• Antibiotics
  • Pharmacology

Antimicrobials : Classification, MOA, Uses, And Side Effects

  • 5 minutes, 42 seconds
  • Antibiotics
  • 2020-08-04 14:12:51

Estimated read time is 5 minutes, 42 seconds

Antimicrobials differ from all others in that they are designed to inhibit/kill the infecting organism and to have minimal or no effect on the recipient. This type of therapy is called chemotherapy; which means treatment of systemic infections with specific drugs that selectively suppress the infecting micro-organism without significantly affecting the host.

Antibiotics are substances produced by microorganisms, which selectively suppress the growth of or kill other microorganisms at very low concentrations. This definition excludes other natural substances that also inhibit microorganisms but are produced by higher forms, (e.g. antibodies).

Antimicrobials designate synthetic as well as naturally obtained drugs that attenuate microorganisms.

 Classification of Antimicrobials

Antimicrobials can be classified according to some factors in different classes. For example:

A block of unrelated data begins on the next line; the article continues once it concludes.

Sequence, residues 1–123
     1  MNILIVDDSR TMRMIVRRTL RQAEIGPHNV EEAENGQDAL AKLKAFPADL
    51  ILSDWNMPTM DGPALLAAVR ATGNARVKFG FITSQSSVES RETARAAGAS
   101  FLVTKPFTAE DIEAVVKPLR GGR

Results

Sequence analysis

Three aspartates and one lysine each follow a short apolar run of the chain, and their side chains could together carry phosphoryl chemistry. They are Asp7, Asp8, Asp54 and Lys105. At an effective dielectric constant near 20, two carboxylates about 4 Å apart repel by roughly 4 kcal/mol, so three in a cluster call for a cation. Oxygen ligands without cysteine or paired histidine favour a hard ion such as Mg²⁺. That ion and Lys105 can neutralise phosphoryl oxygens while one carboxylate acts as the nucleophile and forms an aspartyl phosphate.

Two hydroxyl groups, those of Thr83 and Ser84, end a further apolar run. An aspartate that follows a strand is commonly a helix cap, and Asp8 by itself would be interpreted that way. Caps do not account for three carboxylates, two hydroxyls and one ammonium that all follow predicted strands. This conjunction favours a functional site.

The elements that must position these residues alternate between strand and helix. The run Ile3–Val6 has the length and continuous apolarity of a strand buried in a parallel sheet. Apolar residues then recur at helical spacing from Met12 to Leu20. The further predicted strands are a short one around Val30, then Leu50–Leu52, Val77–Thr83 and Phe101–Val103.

Classification according to Chemical structure:

  • Sulfonamides and related drugs eg sulfadiazine and others, Sulfones such as dapsone.
  • Quinolones like Ciprofloxacin, Norfloxacin...
  • β Lactum antibiotics – Penicillins, Cephalosporins, monobactums, carbapenems...
  • Tetracyclines - doxycycline
  • Aminoglycosides –streptomycin, gentamycin, etc
  • Macrolides - erythromycin...
  • Azole derivatives – Miconazole, clotrimazole, Ketoconazole.

Classification according to the Mechanism of action

  1. Inhibit cell wall synthesis ie penicillins, cephalosporins...
  2. Inhibit protein synthesis including, tetracyclines, chloramphenicol, erythromycin...